I’ve Been Diagnosed With Melanomawhat Happens Next
Doctors use the TNM system developed by the American Joint Committee on Cancer to begin the staging process. Its a classification based on three key factors:
T stands for the extent of the original tumor, its thickness or how deep it has grown and whether it has ulcerated.
What Is Breslow depth?
Breslow depth is a measurement from the surface of the skin to the deepest component of the melanoma.
Tumor thickness: Known as Breslow thickness or Breslow depth, this is a significant factor in predicting how far a melanoma has advanced. In general, a thinner Breslow depth indicates a smaller chance that the tumor has spread and a better outlook for treatment success. The thicker the melanoma measures, the greater its chance of spreading.
Tumor ulceration: Ulceration is a breakdown of the skin on top of the melanoma. Melanomas with ulceration are more serious because they have a greater risk of spreading, so they are staged higher than tumors without ulceration.
N indicates whether or not the cancer has already spread to nearby lymph nodes. The N category also includes in-transit tumors that have spread beyond the primary tumor toward the local lymph nodes but have not yet reached the lymph nodes.
M represents spread or metastasis to distant lymph nodes or skin sites and organs such as the lungs or brain.
After TNM categories are identified, the overall stage number is assigned. A lower stage number means less progression of the disease.
How Often Should You Follow Up With Your Doctor
After your treatment, your doctor will recommend a regular follow-up schedule to monitor your cancer. Theyll be checking to make sure the cancer hasnt come back or new cancerous lesions havent appeared. The types of follow-up include:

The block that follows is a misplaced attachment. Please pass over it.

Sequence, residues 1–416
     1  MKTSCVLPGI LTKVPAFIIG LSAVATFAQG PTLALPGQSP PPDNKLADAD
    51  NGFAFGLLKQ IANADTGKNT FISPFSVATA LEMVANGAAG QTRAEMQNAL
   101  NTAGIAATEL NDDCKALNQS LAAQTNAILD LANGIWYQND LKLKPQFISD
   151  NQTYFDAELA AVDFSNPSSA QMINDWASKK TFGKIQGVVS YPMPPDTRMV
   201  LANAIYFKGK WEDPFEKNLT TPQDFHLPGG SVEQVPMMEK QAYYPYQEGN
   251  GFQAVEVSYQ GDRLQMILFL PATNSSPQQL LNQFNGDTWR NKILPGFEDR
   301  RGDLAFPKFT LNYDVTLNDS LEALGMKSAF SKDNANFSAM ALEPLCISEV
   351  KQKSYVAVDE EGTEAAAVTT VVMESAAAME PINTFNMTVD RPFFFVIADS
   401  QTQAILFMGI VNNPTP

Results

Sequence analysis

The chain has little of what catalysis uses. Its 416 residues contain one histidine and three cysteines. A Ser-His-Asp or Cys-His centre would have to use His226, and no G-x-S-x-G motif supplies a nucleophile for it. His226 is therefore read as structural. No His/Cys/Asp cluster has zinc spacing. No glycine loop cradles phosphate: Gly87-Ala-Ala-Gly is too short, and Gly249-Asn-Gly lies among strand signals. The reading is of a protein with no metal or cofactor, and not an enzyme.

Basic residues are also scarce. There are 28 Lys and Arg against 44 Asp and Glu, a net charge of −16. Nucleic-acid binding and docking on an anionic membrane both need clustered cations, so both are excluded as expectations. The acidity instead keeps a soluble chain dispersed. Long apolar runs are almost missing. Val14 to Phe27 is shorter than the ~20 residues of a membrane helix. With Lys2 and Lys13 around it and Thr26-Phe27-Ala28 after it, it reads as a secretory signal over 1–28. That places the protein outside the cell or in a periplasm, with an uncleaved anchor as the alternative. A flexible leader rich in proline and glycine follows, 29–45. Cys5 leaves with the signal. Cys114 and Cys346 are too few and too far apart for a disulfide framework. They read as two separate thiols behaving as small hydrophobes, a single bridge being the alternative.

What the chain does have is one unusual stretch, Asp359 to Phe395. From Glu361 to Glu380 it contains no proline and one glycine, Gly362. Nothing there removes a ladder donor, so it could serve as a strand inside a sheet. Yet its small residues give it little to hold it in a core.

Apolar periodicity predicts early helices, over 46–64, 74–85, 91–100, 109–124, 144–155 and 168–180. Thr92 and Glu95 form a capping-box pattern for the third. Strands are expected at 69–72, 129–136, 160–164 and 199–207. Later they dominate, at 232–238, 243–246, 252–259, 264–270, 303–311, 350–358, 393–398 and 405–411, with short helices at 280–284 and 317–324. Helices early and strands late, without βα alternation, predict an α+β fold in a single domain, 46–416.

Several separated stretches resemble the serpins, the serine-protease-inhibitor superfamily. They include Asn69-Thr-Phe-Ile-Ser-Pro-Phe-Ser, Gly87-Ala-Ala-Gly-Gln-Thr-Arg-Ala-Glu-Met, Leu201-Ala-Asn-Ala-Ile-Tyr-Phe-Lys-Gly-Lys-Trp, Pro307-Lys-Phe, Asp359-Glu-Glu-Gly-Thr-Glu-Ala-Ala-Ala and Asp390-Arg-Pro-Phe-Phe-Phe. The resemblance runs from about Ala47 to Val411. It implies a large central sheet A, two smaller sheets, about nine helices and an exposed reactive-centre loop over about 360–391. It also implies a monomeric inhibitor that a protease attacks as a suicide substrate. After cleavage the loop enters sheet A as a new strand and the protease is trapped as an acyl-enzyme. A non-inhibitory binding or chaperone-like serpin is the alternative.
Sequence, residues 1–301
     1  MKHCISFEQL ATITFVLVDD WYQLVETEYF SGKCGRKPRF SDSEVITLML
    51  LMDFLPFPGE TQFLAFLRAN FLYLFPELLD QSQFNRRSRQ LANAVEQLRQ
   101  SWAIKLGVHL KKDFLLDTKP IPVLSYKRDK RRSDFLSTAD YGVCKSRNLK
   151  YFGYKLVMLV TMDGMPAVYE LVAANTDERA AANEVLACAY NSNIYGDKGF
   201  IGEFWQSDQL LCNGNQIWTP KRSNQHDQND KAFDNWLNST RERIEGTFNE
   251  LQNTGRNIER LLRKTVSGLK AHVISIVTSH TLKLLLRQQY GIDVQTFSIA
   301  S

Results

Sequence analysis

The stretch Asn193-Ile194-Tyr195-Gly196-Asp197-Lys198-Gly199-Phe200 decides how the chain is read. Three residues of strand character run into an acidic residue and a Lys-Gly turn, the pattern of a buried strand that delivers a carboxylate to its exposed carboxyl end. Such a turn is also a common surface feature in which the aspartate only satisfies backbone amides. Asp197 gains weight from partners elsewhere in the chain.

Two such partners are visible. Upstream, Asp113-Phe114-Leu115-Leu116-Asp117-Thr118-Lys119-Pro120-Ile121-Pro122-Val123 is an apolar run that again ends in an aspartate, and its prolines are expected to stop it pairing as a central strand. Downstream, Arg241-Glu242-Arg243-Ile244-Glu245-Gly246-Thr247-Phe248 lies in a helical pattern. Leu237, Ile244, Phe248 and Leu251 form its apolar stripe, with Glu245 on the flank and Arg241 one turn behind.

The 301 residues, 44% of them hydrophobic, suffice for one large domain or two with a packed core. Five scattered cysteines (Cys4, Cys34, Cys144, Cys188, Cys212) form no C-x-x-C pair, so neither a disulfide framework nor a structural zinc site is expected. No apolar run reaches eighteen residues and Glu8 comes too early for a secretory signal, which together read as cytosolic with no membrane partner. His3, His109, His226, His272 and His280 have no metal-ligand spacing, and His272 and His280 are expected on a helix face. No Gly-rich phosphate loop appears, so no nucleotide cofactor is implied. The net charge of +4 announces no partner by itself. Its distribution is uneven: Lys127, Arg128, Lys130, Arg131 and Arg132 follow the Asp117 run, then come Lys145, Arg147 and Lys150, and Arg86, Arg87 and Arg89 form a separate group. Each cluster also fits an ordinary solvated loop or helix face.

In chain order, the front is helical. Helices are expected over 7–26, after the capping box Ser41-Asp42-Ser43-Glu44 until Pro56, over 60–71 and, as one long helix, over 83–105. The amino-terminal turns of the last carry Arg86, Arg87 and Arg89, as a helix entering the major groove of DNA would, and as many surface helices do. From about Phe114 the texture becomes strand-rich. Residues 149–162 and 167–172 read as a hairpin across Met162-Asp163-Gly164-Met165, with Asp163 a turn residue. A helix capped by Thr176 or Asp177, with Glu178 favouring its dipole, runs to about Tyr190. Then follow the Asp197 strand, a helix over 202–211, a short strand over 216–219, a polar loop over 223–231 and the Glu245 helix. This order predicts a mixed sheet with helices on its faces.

A yearly skin check: Skin checks are an important aspect of detecting melanoma in its earliest, most treatable stages. You should also conduct a skin check on yourself once per month. Look everywhere from the bottoms of your feet to behind your neck.
Imaging tests every three months to a year: Imaging studies, such as an X-ray, CT scan, or brain MRI, look for cancer recurrence.
Physical exam as needed: A physical exam to assess your overall health is important when you have had melanoma. For the first two years, youll want to get an exam every three to six months. Then for the next three years, the appointments can be every three months to a year. After the fifth year, the exams can be as needed. Do a monthly self-examination of your lymph nodes to check your progress.
Your doctor may recommend a different schedule based on your overall health.
What Else Should I Know About Treatment For Advanced Melanoma
Thanks to research breakthroughs, more patients diagnosed with advanced melanoma are living longer some for years.